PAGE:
Lesson Neat Analytic Geometry Problem

MarkFL

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Let \(f(x)\) be an unknown function defined on \([0,\infty)\) with \(f(0)=0\) and \(f(x)\le x^2\) for all \(x\). For each \(0\le t\), let \(A_t\) be the area of the region bounded by \(y=x^2\), \(y=ax^2\) (where \(1<a\)) and \(y=t^2\). Let \(B_t\) be the area of the region bounded by \(y=x^2\), \(y=f(x)\) and \(x=t\). Refer to the diagram below:

unknownfunction.png


a) Show that if \(A_t=B_t\) for some time \(t\), then:

\(\displaystyle \int_0^{t^2}\sqrt{y}-\sqrt{\frac{y}{a}}\,dy=\int_0^t x^2-f(x)\,dx\)

b) Suppose \(A_t=B_t\) for all \(0\le t\). Find \(f(x)\).

c) What is the largest value that \(a\) can have so that \(0\le f(x)\) for all \(x\)?

Here's my solution:

a) We may take the \(y\)-coordinate of point \(P\), and using the point on the curve \(y=ax^2\) having the same \(y\)-coordinate, state:

\(\displaystyle ax^2=t^2\)

Taking the positive root, we have:

\(\displaystyle x=\frac{t}{\sqrt{a}}\)

And so integrating with respect to \(y\), we have:

\(\displaystyle A_t=\int_0^{t^2}\sqrt{y}-\sqrt{\frac{y}{a}}\,dy\)

Now, integrating with respect to \(x\), we see we may state:

\(\displaystyle B_t=\int_0^t x^2-f(x)\,dx\)

So, if \(A_t=B_t\), then we may state:

\(\displaystyle \int_0^{t^2}\sqrt{y}-\sqrt{\frac{y}{a}}\,dy=\int_0^t x^2-f(x)\,dx\)

Here's another slightly different approach:

If we add a horizontal strip to \(A_t\), we find the area of this strip is:

\(\displaystyle dA_t=\left(t-\frac{t}{\sqrt{a}} \right)\,dy\)

And adding a vertical strip to \(B_t\), we find the area of this strip to be:

\(\displaystyle dB_t=\left(x^2-f(x) \right)\,dx\)

We require these differentials to be the same, hence:

\(\displaystyle \left(t-\frac{t}{\sqrt{a}} \right)\,dy=\left(x^2-f(x) \right)\,dx\)

On the left, we need to express \(t\) as a function of \(y\), and we know:

\(\displaystyle y=t^2\,\therefore\,t=\sqrt{y}\)

and so we have:

\(\displaystyle \left(\sqrt{y}-\sqrt{\frac{y}{a}} \right)\,dy=\left(x^2-f(x) \right)\,dx\)

Now is is a simple matter of adding all of the elements of the areas, to get:

\(\displaystyle \int_0^{t^2}\sqrt{y}-\sqrt{\frac{y}{a}}\,dy=\int_0^t x^2-f(x)\,dx\)

b) Now, using the results of part a), differentiating with respect to \(t\), we find:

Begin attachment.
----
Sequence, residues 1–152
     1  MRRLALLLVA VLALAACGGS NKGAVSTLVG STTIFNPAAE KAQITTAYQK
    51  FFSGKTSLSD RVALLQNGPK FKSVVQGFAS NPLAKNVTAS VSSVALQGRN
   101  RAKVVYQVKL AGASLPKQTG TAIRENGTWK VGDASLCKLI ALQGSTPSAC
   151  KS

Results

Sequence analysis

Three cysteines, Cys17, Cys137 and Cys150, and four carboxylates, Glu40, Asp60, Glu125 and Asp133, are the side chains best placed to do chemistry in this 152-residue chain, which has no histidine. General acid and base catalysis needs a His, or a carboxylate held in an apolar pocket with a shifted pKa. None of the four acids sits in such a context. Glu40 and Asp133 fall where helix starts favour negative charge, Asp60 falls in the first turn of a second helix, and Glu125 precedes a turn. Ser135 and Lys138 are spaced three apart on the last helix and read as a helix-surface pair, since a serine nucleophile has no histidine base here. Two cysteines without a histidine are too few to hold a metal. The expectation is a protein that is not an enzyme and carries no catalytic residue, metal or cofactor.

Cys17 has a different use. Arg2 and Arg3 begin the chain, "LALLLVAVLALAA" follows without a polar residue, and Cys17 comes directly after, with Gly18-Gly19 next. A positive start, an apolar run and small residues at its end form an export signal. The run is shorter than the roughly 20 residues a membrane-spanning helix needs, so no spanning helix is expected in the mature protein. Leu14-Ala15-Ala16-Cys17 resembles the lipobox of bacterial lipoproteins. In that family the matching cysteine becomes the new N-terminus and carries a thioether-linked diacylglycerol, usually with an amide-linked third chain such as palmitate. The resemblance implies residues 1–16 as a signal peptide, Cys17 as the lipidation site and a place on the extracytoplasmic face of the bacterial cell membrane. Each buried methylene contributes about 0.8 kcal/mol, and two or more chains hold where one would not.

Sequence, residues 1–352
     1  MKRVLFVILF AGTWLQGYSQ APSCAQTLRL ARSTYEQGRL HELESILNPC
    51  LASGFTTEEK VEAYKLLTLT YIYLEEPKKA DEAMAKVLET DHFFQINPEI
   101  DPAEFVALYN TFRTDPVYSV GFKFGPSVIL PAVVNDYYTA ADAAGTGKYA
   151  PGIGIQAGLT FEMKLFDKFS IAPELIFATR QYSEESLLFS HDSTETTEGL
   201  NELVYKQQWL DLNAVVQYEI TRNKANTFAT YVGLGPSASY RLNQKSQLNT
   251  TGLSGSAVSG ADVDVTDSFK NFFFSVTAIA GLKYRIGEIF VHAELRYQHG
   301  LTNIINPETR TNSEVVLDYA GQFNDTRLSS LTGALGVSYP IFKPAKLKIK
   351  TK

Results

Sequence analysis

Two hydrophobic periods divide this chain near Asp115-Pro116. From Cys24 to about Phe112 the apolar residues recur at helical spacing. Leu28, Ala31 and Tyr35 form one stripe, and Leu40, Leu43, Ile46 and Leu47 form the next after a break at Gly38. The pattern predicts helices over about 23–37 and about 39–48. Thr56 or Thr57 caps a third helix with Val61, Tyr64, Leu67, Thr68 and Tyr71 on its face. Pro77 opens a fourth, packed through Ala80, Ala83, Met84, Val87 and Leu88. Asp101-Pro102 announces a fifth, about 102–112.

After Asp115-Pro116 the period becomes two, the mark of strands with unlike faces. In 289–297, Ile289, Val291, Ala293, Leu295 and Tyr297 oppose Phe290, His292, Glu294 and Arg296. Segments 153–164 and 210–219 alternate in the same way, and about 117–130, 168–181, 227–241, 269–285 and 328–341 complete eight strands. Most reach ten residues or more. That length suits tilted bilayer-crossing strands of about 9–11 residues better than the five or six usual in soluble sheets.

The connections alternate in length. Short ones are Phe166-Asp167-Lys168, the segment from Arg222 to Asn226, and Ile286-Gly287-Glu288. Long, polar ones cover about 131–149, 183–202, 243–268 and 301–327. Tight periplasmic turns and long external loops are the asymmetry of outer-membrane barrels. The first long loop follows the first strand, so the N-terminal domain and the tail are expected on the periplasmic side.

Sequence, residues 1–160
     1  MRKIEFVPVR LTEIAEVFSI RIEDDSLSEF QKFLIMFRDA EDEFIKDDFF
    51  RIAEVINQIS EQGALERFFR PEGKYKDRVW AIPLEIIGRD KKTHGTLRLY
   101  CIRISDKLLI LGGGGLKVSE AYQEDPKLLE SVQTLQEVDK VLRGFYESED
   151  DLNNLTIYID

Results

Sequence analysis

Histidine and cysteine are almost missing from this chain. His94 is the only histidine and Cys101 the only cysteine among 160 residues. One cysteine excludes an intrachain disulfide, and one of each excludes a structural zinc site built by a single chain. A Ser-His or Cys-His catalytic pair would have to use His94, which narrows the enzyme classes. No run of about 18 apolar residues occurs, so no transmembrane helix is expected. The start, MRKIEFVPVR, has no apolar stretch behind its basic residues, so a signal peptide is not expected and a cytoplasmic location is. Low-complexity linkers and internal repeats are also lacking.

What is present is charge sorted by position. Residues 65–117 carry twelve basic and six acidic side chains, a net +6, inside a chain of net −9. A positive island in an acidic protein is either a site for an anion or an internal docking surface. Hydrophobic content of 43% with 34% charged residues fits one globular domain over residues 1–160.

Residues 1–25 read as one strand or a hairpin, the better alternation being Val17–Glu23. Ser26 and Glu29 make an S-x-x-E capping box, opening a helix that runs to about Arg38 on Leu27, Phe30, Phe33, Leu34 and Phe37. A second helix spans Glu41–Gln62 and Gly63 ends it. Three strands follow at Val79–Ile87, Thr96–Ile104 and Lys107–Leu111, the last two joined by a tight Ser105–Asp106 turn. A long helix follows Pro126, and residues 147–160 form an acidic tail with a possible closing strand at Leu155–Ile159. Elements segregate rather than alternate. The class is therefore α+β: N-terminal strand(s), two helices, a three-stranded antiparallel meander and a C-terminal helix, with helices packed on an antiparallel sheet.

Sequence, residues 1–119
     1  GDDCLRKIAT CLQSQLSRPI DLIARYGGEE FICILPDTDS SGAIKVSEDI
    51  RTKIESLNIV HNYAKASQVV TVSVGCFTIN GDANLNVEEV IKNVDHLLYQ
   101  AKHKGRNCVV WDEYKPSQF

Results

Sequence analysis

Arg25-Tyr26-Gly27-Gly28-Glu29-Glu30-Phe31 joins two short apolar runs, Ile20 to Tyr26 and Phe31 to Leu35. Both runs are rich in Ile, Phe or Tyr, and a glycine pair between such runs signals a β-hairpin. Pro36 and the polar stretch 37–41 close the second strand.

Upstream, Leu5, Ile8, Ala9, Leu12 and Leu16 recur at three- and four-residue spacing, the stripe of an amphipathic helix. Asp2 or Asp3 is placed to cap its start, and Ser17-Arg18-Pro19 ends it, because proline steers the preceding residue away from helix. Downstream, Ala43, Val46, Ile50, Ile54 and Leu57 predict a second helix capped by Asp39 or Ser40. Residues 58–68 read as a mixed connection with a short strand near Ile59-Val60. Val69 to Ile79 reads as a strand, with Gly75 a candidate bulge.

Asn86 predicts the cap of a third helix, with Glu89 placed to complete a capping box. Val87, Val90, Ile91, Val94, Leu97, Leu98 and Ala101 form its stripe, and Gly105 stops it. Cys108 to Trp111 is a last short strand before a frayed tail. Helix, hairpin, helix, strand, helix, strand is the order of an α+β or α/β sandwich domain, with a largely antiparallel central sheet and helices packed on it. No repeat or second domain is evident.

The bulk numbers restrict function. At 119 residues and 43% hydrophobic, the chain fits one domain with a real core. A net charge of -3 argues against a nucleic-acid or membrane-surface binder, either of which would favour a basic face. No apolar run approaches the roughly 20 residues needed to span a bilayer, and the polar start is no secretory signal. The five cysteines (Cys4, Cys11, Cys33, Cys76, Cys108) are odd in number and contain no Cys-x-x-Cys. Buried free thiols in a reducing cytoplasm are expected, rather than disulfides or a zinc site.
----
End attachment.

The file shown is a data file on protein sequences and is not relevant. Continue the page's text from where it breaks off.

\(\displaystyle \frac{d}{dt}\int_0^{t^2}\sqrt{y}-\sqrt{\frac{y}{a}}\,dy=\frac{d}{dt}\int_0^t x^2-f(x)\,dx\)

\(\displaystyle \left(t-\frac{t}{\sqrt{a}} \right)2t=t^2-f(t)\)

Solving for \(f(t)\), we find:

\(\displaystyle f(t)=\left(\frac{2-\sqrt{a}}{\sqrt{a}} \right)t^2\)

Hence:

\(\displaystyle f(x)=\left(\frac{2-\sqrt{a}}{\sqrt{a}} \right)x^2\)

c) In order for \(f(x)\) to be non-negative, we require the coefficient of \(x^2\) to be non-negative:

\(\displaystyle \frac{2-\sqrt{a}}{\sqrt{a}}\ge0\)

\(\displaystyle 2\ge\sqrt{a}\)

\(\displaystyle 4\ge a\)
 
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harpazo

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Over my head for sure. Is this calculus 3?
 

MarkFL

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Over my head for sure. Is this calculus 3?
It was a problem I found online posted as a challenging problem...this is elementary calculus with analytic geometry.
 
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harpazo

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Elementary???
 

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harpazo

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What's the difference between analysis and calculus 3?
 

MarkFL

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Analysis is more rigorous, and proof based than Calc I-III. In some schools it might be called "Advanced Calculus."
 
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harpazo

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Thank you. There is a course called Calculus and Analytic Geometry taught at a few of the CUNY colleges in NYC.
 

MarkFL

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The Calc I-III courses I took also had "with analytic geometry" in their titles.
 
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harpazo

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The Calc I-III courses I took also had "with analytic geometry" in their titles.
What is the hardest topic to grasp in calculus 1, 2, and 3, in your opinion?